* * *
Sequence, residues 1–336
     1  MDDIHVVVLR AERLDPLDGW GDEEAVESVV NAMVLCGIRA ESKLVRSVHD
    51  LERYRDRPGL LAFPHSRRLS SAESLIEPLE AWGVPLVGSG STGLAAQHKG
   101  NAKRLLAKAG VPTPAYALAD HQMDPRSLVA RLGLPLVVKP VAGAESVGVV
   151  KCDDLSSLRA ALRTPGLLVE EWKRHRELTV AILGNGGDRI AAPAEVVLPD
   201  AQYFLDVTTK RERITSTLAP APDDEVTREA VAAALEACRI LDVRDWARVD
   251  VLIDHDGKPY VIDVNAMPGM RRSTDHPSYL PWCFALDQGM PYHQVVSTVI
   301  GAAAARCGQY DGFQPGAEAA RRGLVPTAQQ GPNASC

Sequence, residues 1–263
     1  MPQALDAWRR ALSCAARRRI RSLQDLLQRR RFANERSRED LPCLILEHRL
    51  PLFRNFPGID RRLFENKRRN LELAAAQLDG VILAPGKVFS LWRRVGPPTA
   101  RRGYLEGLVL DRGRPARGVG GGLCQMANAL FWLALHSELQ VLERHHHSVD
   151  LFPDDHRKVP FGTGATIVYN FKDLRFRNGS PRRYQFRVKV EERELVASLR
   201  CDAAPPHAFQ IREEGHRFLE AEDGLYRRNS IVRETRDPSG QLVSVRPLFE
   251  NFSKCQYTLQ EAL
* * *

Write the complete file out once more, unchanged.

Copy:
Sequence, residues 1–336
     1  MDDIHVVVLR AERLDPLDGW GDEEAVESVV NAMVLCGIRA ESKLVRSVHD
    51  LERYRDRPGL LAFPHSRRLS SAESLIEPLE AWGVPLVGSG STGLAAQHKG
   101  NAKRLLAKAG VPTPAYALAD HQMDPRSLVA RLGLPLVVKP VAGAESVGVV
   151  KCDDLSSLRA ALRTPGLLVE EWKRHRELTV AILGNGGDRI AAPAEVVLPD
   201  AQYFLDVTTK RERITSTLAP APDDEVTREA VAAALEACRI LDVRDWARVD
   251  VLIDHDGKPY VIDVNAMPGM RRSTDHPSYL PWCFALDQGM PYHQVVSTVI
   301  GAAAARCGQY DGFQPGAEAA RRGLVPTAQQ GPNASC

Sequence, residues 1–263
     1  MPQALDAWRR ALSCAARRRI RSLQDLLQRR RFANERSRED LPCLILEHRL
    51  PLFRNFPGID RRLFENKRRN LELAAAQLDG VILAPGKVFS LWRRVGPPTA
   101  RRGYLEGLVL DRGRPARGVG GGLCQMANAL FWLALHSELQ VLERHHHSVD
   151  LFPDDHRKVP FGTGATIVYN FKDLRFRNGS PRRYQFRVKV EERELVASLR
   201  CDAAPPHAFQ IREEGHRFLE AEDGLYRRNS IVRETRDPSG QLVSVRPLFE
   251  NFSKCQYTLQ EAL